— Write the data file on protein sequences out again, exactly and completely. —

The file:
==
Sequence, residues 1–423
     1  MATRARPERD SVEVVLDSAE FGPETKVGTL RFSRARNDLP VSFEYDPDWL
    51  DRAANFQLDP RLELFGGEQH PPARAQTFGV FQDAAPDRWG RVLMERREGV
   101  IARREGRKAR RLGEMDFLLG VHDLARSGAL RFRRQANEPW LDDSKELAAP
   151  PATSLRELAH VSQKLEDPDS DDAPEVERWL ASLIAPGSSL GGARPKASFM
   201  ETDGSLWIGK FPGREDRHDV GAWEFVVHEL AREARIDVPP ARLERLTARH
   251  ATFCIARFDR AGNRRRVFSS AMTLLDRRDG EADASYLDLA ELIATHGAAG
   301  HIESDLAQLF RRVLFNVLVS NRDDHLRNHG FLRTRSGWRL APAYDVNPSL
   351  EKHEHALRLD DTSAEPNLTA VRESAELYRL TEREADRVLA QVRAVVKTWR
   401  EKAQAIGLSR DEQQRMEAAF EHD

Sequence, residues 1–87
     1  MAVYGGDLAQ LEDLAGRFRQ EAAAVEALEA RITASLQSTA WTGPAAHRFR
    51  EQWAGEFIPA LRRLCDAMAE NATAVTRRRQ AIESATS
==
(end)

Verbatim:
Sequence, residues 1–423
     1  MATRARPERD SVEVVLDSAE FGPETKVGTL RFSRARNDLP VSFEYDPDWL
    51  DRAANFQLDP RLELFGGEQH PPARAQTFGV FQDAAPDRWG RVLMERREGV
   101  IARREGRKAR RLGEMDFLLG VHDLARSGAL RFRRQANEPW LDDSKELAAP
   151  PATSLRELAH VSQKLEDPDS DDAPEVERWL ASLIAPGSSL GGARPKASFM
   201  ETDGSLWIGK FPGREDRHDV GAWEFVVHEL AREARIDVPP ARLERLTARH
   251  ATFCIARFDR AGNRRRVFSS AMTLLDRRDG EADASYLDLA ELIATHGAAG
   301  HIESDLAQLF RRVLFNVLVS NRDDHLRNHG FLRTRSGWRL APAYDVNPSL
   351  EKHEHALRLD DTSAEPNLTA VRESAELYRL TEREADRVLA QVRAVVKTWR
   401  EKAQAIGLSR DEQQRMEAAF EHD

Sequence, residues 1–87
     1  MAVYGGDLAQ LEDLAGRFRQ EAAAVEALEA RITASLQSTA WTGPAAHRFR
    51  EQWAGEFIPA LRRLCDAMAE NATAVTRRRQ AIESATS